UCLA In the News March 1, 2017

UCLA In the News lists selected mentions of UCLA in the world’s news media. See more UCLA In the News.

Trump ‘renewal’ message fails to sway immigration backers | Los Angeles Times

Cinthia Flores directs the [UCLA] Dream Resource Center, which does research, education and policy work on immigration issues. She said Trump’s speech included nothing new. Rather, Flores said, it was a continuation of his repeated anti-immigrant rhetoric. “Immigrants aren’t saints,” she said. “They aren’t demons — they’re just people.”

Breast cancer costs low-income women more jobs | Reuters

“The value of the paper is there does not seem to be much ethnic or racial bias here,” said Dr. Patricia Ganz, professor at the UCLA Fielding School of Public Health in Los Angeles. “The more important thing is the kind of employment. If you’re low income, your employer is more likely going to be inflexible about keeping your spot,” she said in a phone interview. “It’s a social and equity issue,” she said.

Questions, answers about upcoming travel ban | Associated Press

It’s hard to imagine a “bulletproof” order that could assuage the concerns of the immigrant rights community and other potential challengers, said Jon Michaels, a UCLA law professor. “My sense is, there will be challenges, and challenges will be, at the very least, plausible challenges,” Michaels said.

Randy Weston and his influence on jazz | NPR’s “All Things Considered”

“He came into this musical relationship with a political agenda — and that is to support the independence of former colonies in Africa and the rest of the world, to make sure that African-Americans, in their fight for civil rights, would be part of a global struggle for a justice,” [UCLA’s Robin] Kelley says.

Here’s why W.E.B. Du Bois matters | NBC News

As a fellow sociologist Marcus Hunter, a professor at UCLA, notes in Black Citymakers, it’s critical for all to understand how black people use agency to shape and improve the spaces they move through —often without receiving proper credit for the energy expended or advancements made.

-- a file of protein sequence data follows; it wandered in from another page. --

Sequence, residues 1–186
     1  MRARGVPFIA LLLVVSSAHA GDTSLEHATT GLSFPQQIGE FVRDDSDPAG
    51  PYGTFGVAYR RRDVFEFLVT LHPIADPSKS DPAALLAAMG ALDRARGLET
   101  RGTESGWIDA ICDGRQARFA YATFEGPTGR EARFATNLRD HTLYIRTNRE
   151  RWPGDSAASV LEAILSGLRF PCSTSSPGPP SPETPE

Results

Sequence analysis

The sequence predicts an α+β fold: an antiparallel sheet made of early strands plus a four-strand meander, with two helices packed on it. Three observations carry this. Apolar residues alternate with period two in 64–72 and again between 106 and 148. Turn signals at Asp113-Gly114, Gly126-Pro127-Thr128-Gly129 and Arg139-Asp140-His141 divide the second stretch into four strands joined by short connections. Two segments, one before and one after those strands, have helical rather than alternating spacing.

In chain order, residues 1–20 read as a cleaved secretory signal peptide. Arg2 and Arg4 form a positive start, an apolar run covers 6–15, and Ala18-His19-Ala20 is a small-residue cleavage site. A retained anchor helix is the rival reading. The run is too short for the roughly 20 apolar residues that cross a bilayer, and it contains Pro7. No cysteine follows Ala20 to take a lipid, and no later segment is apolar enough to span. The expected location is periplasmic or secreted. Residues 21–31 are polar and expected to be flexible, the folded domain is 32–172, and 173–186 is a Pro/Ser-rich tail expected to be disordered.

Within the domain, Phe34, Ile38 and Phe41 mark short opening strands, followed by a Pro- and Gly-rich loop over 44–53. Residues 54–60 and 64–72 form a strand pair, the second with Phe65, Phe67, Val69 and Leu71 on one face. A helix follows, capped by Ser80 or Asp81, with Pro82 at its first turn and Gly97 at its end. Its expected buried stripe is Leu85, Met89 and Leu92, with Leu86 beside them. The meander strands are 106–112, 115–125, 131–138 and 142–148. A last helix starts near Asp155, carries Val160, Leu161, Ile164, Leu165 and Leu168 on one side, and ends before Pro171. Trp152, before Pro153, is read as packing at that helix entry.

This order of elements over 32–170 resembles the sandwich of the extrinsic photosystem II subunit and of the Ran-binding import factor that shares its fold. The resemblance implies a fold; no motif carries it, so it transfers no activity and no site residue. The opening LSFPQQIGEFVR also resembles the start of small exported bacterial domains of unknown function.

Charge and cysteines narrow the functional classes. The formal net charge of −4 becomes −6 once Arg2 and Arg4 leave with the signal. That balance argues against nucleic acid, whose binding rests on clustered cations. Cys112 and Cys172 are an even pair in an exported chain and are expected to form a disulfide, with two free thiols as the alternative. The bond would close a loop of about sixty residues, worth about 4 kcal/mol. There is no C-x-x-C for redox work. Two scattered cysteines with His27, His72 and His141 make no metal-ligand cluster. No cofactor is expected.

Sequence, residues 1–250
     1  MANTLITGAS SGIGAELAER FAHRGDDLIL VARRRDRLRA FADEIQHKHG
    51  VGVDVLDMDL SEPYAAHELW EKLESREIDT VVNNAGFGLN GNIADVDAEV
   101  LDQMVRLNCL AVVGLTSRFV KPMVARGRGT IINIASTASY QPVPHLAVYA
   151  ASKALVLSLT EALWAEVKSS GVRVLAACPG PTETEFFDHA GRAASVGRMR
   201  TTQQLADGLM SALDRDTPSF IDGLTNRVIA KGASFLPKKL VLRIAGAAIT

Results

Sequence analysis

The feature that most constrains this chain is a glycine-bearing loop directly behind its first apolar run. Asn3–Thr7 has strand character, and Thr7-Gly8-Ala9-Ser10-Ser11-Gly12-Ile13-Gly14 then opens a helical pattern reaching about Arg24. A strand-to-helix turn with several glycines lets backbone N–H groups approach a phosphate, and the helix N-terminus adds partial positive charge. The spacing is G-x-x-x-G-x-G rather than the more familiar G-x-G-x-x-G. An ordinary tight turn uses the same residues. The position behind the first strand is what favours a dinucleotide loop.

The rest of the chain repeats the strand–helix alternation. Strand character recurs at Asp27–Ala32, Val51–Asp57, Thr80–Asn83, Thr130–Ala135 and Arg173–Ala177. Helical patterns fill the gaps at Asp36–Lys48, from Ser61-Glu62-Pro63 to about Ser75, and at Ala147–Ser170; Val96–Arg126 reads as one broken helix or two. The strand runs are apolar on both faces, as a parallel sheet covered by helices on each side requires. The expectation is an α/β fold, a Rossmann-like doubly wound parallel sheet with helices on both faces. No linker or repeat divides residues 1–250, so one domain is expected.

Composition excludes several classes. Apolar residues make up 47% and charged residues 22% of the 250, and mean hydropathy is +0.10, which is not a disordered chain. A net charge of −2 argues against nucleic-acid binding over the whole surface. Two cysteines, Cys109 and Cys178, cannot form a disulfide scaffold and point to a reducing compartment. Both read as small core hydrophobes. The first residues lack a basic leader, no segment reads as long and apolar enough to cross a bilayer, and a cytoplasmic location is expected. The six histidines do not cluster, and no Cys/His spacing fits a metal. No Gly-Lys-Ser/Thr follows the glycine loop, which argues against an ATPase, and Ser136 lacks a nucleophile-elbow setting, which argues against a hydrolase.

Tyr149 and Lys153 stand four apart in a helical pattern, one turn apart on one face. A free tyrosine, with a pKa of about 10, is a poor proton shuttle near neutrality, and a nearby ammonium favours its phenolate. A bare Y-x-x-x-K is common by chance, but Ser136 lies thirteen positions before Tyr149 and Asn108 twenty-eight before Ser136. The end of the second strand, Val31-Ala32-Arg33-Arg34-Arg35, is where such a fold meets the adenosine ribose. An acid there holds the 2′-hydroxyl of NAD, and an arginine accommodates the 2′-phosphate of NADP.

Handful of programmers curate internet experience | KPCC-FM’s “Take Two”

“Part of the problem with personalization is we’re not exactly sure what choices are being made in terms of what’s being personalized for us,” [UCLA’s Ramesh] Srinivasan says. “We shouldn’t just think of technology as impacting us as individual users, we should think about the communities and cultures that algorithms are being designed for.”

Winter storms have another upside: cleaner air | KPCC-FM

“Clear, cold and calm would be probably the three words to describe the conditions most conducive to wintertime air pollution,” said Daniel Swain, a climate scientist at UCLA.

Can addresses of politicians be made available to public? | KPCC-FM

“I can certainly see why people would be troubled by that…. But before you restrict speech even in an attempt to try to prevent some people from misusing that speech, you need a very demanding showing,” said UCLA’s Eugene Volokh. (Approx. 00:42 mark) [Audio download]

Will immigration policies build wall around health benefits? | Bloomberg BNA

“It’s interesting what a difference a couple of years can make,” Steven Wallace, a professor at the University of California Los Angeles focused on immigrant health policy, said. “A couple of years ago there was lots of discussion around how to improve immigrant health” and keep them as healthy as when they arrive, avoiding pitfalls that often harm them over time.

Poor youth, early adult diet tied to higher breast cancer risk | Medical Xpress

“Our results suggest that a habitual diet that promotes chronic inflammation when consumed during adolescence or early adulthood may indeed increase the risk of breast cancer in younger women before menopause,” said [UCLA’s Karin] Michels. (Also: Scienmag, KCBS-TV, Health Medicine Network, News-Medical)

Are plant proteins complete proteins? | Health Medicine Network

“We used to think you had to combine certain incomplete proteins, like the ones in rice and beans, in the same meal to get all the essential amino acids,” says Dana Hunnes, R.D., Ph.D., an adjunct assistant professor at the Fielding School of Public Health at UCLA. “Now we know that you can meet your needs by eating a variety of plants throughout the day.” And if you’re eating any animal protein at all, you’re also taking in all the essential amino acids.

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